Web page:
A new cross-journal special collection invites contributions on how machine learning can be used for solid Earth observation, modeling and understanding.
Machine learning and data on aquifer type, sediment thickness, and proxies for irrigation water use has been used to produce the most comprehensive map of land subsidence in the western U.S. to date.
As weather and climate models grow larger and more data intensive, the amount of energy needed to run them continues to increase. Are researchers doing enough to minimize the carbon footprint of their computing?
Developing trustworthy artificial intelligence for weather and ocean forecasting, as well as for long-term environmental sustainability, requires integrating collaborative efforts from many sources.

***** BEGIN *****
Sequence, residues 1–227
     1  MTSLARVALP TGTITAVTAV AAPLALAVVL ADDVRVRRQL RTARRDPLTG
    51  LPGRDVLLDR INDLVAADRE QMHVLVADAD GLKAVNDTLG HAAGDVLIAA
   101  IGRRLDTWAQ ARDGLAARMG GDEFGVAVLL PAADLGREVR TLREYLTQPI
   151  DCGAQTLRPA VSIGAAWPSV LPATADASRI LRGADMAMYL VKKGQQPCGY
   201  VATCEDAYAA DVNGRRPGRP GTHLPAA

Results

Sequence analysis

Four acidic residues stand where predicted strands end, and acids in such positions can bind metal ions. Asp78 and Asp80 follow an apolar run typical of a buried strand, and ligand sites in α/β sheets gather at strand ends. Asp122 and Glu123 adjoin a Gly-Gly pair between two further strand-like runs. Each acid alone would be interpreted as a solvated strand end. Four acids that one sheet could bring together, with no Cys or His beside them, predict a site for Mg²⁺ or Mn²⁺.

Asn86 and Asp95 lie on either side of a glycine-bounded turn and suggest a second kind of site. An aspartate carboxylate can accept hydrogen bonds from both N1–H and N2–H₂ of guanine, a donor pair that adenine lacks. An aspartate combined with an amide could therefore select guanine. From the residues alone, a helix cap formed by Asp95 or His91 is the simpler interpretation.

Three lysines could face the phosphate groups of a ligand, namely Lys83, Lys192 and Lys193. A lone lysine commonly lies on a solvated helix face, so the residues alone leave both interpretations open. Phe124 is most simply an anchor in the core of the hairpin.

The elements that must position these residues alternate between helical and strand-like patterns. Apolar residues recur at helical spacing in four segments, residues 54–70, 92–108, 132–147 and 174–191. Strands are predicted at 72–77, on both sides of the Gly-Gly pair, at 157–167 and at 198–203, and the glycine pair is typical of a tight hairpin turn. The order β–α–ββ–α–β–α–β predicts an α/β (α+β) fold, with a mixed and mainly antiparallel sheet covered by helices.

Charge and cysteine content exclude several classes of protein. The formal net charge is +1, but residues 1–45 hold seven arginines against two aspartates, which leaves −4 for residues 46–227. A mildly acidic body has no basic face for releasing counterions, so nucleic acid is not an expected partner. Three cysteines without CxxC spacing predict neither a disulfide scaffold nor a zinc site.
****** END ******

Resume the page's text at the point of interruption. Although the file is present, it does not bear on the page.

Our August issue explores the way we process, analyze, and clearly present the massive amounts of information collected by scientists today.
Humans found hundreds of thousands of craters on Mars greater than 1 kilometer in diameter, but now computers automate the process delivering crater counts as well as geologically meaningful ages.
Ensemble learning models for estimating past changes of terrestrial water storage from climate are presented and tested in the Pearl River basin, China.
Experts agree that as urbanization continues through the 21st century, cities need to focus on sustainable development to meet climate goals.
An efficient, low-resolution machine learning model can usefully predict the global atmospheric state as much as 3 days out.
Color plays a major role in the analysis and communication of scientific information. New tools are helping to improve how color can be applied more accurately and effectively to data.